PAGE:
Dutch referendum on Ukraine 'too close to call', say polls

The vote will address deepening relations between the EU and Ukraine.

By Martin Banks

Martin Banks is a senior reporter at the Parliament Magazine

01 Apr 2016

Latest opinion polls suggest that the keenly-awaited Dutch referendum on 6 April on an EU agreement for closer relations with Ukraine is too close to call.

The referendum is being held after 427,000 people backed a citizens' initiative.

The Dutch Parliament had already backed the association agreement, which removes trade barriers between the EU and Ukraine.


But campaigners in the 'No' camp fear that it could be a step towards EU membership and would cost Dutch taxpayers billions of euros. 

The 'No' side argues that Dutch voters should have their say on policies such as EU expansion, legislation and aid packages and is supported by the populist right-wing MP Geert Wilders.

A recent poll commissioned by the Dutch foreign ministry found public opinion evenly split, Dutch newspaper AlgemeenDagblad reported on March 26.

Previous polls have put the 'no' camp firmly in the lead, so the latest poll will encourage Dutch supporters of Ukraine, as well as the numerous Ukrainian artists, politicians and activists who have been campaigning for the 'yes' side.

To win over Dutch voters, Ukrainian activists and officials have organized several information campaigns, business forum, a cinema festival and even a bike ride in the Netherlands, which have been held in late March and at the beginning of April.

One of the key figures that triggered the poll admits he only did it "to create tensions between the Netherlands and the EU", chairman Arjan van Dixhoorn of Burgercomite EU told newspaper nrc.next.

"You have to understand, we don't care about Ukraine," he said.

Elsewhere, UKIP leader Nigel Farage is due to visit the Netherlands in the next few days to help whip up support for the No side. He says he hopes the Dutch vote could lend impetus to Britain's own landmark referendum on whether to leave the EU.

Although the result will not be binding on the government, it will have to be considered if turnout is above 30 per cent and a majority votes against the agreement.

While the referendum, only the second in Dutch history, is on a fairly narrow topic of a trade deal with Kiev, some in the Netherlands are seeking to harness broader scepticism and anger against the EU fuelled in part by the recent influx of migrants.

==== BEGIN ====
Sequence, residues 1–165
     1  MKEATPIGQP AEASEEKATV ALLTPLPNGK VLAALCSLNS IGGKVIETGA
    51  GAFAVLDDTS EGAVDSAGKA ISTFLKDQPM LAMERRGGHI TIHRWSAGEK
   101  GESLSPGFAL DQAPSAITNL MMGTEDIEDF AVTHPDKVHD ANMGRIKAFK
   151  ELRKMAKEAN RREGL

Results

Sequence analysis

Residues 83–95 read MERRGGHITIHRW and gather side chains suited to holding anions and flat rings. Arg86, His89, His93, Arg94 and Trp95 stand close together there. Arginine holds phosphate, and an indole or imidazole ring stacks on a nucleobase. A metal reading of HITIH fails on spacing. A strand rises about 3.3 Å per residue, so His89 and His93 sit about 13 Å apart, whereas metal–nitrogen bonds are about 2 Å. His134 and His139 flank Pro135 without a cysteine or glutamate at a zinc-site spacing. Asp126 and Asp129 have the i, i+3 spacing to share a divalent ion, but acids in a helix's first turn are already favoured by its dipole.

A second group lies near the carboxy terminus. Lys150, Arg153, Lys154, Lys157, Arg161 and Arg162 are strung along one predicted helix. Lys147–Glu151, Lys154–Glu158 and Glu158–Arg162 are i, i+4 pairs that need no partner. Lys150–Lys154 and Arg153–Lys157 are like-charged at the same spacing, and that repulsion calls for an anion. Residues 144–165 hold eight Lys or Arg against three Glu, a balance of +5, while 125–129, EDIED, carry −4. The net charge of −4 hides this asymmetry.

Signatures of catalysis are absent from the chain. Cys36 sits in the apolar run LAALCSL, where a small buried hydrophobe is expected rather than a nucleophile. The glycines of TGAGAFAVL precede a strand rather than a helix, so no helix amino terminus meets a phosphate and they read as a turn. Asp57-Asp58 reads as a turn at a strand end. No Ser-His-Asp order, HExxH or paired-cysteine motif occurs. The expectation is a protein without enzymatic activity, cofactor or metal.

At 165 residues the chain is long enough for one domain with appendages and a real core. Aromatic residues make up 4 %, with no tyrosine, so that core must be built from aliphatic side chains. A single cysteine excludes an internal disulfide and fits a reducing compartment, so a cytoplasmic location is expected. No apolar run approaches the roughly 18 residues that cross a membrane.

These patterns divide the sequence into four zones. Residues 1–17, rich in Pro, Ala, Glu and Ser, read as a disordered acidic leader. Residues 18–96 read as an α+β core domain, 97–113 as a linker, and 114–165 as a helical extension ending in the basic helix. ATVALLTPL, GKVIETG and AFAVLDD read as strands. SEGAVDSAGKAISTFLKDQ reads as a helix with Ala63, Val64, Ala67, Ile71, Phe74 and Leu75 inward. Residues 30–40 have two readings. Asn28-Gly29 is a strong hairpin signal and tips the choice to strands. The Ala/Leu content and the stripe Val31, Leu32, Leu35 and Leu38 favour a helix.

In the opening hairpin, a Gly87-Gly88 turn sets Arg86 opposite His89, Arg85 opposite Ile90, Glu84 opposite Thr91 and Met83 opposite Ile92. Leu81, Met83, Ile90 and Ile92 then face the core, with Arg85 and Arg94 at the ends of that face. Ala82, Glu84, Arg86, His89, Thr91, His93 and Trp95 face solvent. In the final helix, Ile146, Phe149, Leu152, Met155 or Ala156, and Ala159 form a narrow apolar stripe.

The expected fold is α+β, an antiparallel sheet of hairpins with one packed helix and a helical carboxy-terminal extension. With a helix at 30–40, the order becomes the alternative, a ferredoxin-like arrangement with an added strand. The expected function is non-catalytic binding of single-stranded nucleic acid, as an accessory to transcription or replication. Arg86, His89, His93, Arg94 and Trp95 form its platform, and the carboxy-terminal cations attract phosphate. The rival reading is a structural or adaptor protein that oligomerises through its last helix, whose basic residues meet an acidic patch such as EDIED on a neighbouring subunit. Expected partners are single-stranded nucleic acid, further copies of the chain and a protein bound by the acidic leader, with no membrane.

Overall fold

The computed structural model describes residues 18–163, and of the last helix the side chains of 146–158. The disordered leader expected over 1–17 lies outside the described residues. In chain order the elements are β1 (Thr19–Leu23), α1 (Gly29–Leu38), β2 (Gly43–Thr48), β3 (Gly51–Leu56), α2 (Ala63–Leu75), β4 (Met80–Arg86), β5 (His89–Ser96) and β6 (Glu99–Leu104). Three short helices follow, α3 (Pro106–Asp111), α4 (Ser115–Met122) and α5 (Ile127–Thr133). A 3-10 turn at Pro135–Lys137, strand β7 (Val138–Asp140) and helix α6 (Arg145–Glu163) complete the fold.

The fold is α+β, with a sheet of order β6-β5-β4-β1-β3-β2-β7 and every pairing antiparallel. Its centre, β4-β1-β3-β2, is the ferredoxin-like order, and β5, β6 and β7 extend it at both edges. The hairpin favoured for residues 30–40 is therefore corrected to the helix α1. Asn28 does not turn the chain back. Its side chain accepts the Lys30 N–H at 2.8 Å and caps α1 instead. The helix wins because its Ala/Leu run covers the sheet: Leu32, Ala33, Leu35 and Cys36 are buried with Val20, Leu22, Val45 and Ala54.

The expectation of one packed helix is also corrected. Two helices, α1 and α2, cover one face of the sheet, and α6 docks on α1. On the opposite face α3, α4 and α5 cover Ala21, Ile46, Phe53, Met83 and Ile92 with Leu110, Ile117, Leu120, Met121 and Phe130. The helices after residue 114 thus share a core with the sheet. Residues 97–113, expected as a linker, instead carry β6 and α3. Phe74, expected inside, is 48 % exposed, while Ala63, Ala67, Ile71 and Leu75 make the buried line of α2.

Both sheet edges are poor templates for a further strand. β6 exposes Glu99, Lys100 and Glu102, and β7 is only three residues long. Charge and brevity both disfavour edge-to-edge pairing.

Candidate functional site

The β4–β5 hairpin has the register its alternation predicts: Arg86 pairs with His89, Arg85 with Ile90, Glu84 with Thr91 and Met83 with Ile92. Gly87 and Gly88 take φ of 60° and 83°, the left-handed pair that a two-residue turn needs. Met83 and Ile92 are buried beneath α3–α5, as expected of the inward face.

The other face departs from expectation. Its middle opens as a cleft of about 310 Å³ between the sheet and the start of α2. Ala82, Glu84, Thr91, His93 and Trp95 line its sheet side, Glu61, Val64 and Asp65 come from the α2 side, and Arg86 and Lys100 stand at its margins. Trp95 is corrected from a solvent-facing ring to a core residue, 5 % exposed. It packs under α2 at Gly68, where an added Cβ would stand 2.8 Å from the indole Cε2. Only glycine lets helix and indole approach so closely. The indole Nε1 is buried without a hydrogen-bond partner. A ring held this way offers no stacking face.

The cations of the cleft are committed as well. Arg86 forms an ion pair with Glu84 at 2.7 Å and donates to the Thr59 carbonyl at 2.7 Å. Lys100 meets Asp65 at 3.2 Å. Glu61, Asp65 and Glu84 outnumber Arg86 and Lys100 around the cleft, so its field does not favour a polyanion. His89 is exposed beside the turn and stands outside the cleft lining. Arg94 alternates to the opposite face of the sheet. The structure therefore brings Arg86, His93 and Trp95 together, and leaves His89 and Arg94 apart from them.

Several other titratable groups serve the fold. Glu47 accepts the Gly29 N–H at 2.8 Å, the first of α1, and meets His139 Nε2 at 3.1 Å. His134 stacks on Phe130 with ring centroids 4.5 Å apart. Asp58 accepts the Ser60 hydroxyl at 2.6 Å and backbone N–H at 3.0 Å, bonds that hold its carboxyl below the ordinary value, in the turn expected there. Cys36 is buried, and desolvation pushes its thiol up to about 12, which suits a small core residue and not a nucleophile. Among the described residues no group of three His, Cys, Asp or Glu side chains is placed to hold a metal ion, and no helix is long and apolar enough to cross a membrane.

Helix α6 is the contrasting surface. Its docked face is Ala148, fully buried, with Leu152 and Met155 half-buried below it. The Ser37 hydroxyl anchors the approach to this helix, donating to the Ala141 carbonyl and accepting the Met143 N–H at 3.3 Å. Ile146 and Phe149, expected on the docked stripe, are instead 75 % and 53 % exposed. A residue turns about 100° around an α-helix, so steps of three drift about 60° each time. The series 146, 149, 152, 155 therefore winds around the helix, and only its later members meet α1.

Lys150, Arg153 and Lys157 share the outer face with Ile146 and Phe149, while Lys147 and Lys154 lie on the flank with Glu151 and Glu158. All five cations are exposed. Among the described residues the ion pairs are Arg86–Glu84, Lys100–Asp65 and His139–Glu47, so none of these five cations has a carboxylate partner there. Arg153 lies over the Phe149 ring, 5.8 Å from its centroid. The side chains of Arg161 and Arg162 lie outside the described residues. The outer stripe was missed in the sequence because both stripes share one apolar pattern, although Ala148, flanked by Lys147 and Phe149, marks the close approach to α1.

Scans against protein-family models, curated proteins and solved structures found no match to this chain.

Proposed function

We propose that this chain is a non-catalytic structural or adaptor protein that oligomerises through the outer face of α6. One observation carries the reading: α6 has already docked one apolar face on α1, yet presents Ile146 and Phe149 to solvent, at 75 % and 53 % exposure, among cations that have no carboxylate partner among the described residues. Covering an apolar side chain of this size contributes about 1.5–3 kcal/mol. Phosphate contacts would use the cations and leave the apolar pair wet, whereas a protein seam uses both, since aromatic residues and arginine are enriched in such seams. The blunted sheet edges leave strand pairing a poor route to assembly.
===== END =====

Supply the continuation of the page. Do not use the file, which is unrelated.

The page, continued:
European Commission chief Jean-Claude Juncker has urged Dutch voters not to oppose the EU cooperation deal with Ukraine, saying such a move "could open the doors to a continental crisis."

Supporting the EU agreement is Lithuanian MEP Petras Austrevicius, of the Group of the Alliance of Liberals and Democrats for Europe and head of the European Parliament's Ukraine Friendship Group.

Those behind the No Poll movement in the Netherlands argue that the poll is justified as Dutch voters should have their say on polices such as EU expansion, legislation and aid packages. 

But, on this, Austrevicius said, "I do not agree that this poll is about EU enlargement or, for that matter, the attitude that the Dutch people have or should have with regard to the EU in general. It is not about this: it is about forming partnerships with countries bordering the EU."

"As such, an agreement of this sort is highly desirable, whatever opponents might say. The association and free trade agreements are a part of the normal functioning of the EU. Are we going to organise a whole succession of referenda every time that the EU has to make a decision?"

"In my opinion, referenda of this sort do not really have a function. In representative democracies citizens elect a government to pursue a set of policies."

On fears that next week's referendum may be used to channel scepticism and anger against the EU, he says, "I am convinced that the EU has been a real success."

"The enlarged EU is a success, too, as it is undoubtedly raising our economies and competition. The EU has raised levels of prosperity across Europe and has greatly encouraged trade between regions and nations. Do you not want larger markets for Italian wine, for the Dutch cheese or for furniture made in Lithuania?"

He adds, "Well, this is one of the benefits of EU enlargement: the goal is to facilitate trade and, in the process, the promotion of European values of representative democracy, non-discrimination and a thriving, innovative economic base."

"It is in our interests to ensure the widening of our success in defending these values when it comes to interacting with our neighbours."

"The Europeanisation of Ukraine and other countries alike will contribute to bringing greater stability and prosperity to the whole continent. The opposite course of action - shutting ourselves up within narrow borders - will mean economic stagnation, greater unemployment and a reduced potential for positive influence in the world."

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